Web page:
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Nigeria at risk of monkeypox transmission – WHO

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WORLD Health Organisation (WHO) said that Nigeria is at risk of ongoing transmission of monkeypox as the source of the infection in the country is not known.

  Monkeypox is a virus that is spread primarily from animals to humans, with symptoms such as fever, headache, body pain, malaise, enlargement of glands (lymphadenopathy), sore throat and fluid-filled body rashes (vesicular rash). This may last for two to four weeks. Transmission is via direct contact with infected animals, humans, or contaminated materials. The virus does not spread easily between people and the risk of transmission to the wider public is very low.

  Recall that on May 7, the Nigeria Centre for Disease Control was notified by the UK International Health Regulations National Focal Point of a case of monkeypox detected in a patient with recent travel history to Nigeria.

  The individual is a UK resident who arrived in Nigeria on April 20, travelled to Lagos and Delta States during the time spent in Nigeria, departed Lagos on May 3, and arrived in the UK on May 4.

  The NCDC said while in Nigeria, the case did not report being in contact with anyone with symptoms of monkeypox or other illness with rash but the diagnosis of monkeypox (West African clade) was confirmed by PCR in the UK on May 6.

  It added that the patient is currently stable and receiving care in the UK.

  WHO noted that since the case was immediately isolated and contact tracing was performed, the risk of onward transmission related to this case in the United Kingdom is minimal.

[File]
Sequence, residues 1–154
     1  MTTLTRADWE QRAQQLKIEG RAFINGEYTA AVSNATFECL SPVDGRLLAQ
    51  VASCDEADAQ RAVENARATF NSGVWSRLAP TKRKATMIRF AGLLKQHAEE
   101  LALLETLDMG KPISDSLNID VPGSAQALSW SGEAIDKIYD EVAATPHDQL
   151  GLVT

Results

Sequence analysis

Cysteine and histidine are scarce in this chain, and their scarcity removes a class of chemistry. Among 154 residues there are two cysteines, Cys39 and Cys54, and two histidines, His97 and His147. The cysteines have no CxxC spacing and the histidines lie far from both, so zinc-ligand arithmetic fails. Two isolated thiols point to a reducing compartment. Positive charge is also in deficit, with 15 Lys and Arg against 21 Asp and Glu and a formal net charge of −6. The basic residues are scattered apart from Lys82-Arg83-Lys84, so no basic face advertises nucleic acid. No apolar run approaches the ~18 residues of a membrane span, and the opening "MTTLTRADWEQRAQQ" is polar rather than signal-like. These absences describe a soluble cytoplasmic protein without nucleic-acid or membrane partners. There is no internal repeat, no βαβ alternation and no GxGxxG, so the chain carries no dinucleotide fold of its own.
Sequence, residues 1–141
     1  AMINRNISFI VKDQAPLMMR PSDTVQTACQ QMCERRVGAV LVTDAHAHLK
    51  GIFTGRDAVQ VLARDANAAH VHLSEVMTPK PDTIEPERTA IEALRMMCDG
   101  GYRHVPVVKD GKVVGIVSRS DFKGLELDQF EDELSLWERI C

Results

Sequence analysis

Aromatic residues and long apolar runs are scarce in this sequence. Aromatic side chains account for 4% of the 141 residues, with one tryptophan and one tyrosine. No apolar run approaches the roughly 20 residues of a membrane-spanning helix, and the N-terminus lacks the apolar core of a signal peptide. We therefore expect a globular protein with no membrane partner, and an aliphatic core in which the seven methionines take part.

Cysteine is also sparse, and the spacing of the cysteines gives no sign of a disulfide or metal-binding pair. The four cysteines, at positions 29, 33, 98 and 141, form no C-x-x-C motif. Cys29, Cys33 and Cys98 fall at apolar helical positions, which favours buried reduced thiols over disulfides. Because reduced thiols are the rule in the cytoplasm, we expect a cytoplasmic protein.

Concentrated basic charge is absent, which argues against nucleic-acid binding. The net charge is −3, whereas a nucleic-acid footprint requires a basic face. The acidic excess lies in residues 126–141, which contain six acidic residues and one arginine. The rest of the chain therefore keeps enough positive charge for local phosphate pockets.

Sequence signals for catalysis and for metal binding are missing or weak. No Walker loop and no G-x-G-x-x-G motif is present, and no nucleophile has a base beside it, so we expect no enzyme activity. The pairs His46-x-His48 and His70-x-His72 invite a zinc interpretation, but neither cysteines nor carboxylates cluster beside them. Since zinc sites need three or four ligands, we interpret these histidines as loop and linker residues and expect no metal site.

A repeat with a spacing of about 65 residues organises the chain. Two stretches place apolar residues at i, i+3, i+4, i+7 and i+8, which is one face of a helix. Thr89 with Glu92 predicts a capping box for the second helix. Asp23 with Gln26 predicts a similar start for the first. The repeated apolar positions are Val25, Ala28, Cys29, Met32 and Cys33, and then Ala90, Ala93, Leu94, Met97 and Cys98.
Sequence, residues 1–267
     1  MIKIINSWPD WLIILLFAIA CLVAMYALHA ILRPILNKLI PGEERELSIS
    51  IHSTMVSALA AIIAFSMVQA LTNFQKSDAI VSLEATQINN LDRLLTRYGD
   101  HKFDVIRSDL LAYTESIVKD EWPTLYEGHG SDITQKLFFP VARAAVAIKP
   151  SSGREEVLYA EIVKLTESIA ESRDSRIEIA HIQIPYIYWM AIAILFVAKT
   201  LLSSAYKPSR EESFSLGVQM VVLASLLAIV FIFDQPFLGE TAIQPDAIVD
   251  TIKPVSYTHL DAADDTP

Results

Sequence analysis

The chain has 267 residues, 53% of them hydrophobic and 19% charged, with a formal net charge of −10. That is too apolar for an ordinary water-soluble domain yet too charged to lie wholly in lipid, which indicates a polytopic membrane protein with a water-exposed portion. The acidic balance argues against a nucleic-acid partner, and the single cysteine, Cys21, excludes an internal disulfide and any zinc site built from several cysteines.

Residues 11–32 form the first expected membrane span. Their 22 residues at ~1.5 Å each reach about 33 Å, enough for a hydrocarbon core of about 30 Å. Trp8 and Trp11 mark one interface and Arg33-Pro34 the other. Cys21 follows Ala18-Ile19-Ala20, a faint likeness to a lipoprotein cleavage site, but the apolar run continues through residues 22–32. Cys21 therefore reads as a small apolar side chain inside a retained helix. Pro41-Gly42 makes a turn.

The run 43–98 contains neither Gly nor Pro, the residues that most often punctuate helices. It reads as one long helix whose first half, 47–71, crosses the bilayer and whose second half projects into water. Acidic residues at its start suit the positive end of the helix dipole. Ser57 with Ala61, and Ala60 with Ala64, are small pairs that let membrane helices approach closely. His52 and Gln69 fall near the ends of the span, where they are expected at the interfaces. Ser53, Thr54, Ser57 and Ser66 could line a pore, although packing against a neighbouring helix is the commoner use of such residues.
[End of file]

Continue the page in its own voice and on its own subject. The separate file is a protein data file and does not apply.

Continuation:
The world health body, however, said as the source of infection in Nigeria is not known, there remains a risk of ongoing transmission in this country.

  WHO in a statement said “in the present case, the source of infection is currently unknown and the risk of further transmission in Nigeria cannot be excluded. Once monkeypox was suspected in the United Kingdom, authorities promptly initiated appropriate public health measures, including isolation of the case and contact tracing. The risk of potential onward spread related to this case in the United Kingdom is therefore minimal. As the source of infection in Nigeria is not known, there remains a risk of further transmission in Nigeria.

  “Importations of monkeypox from an endemic country to another country has been documented on eight previous occasions. In this instance, the confirmed case has a history of travel from Delta state in Nigeria, where monkeypox is endemic.”

  A total of 558 cases and eight deaths have been confirmed by NCDC from 22 states since the re-emergence of monkeypox in Nigeria between September 2017 and April 30, 2022. Of these, 15 cases have been confirmed in 2022 alone.

  The agency said the cases recorded in 2022 do not constitute an outbreak and the highest number of cases have been reported from states in the South-South region of Nigeria.

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